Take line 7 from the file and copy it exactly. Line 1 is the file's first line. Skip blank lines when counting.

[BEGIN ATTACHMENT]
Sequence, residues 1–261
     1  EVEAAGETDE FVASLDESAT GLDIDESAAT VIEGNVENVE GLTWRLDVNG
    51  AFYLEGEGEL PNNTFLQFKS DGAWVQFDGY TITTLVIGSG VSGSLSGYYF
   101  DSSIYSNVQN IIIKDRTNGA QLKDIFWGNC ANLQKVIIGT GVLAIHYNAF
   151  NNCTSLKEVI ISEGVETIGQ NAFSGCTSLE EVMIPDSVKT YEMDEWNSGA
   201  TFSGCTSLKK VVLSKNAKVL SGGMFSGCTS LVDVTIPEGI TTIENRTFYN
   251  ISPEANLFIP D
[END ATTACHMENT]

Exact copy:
   251  ISPEANLFIP D